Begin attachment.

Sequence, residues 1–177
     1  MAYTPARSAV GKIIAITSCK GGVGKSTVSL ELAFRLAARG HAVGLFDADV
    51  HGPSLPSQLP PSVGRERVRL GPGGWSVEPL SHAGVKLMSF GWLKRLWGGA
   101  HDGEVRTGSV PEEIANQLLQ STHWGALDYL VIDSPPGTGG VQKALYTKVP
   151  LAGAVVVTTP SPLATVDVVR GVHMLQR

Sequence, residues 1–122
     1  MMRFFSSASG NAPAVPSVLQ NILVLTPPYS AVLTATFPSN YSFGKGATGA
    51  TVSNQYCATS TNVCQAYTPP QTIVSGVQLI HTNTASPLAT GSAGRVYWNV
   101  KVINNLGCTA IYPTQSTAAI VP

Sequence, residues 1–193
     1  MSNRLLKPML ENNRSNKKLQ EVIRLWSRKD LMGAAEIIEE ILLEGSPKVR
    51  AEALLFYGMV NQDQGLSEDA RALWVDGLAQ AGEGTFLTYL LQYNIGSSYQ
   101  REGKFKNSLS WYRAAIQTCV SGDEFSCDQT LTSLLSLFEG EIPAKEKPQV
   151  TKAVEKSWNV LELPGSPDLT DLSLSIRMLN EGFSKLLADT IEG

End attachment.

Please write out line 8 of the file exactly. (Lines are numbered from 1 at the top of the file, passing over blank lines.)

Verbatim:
    51  TVSNQYCATS TNVCQAYTPP QTIVSGVQLI HTNTASPLAT GSAGRVYWNV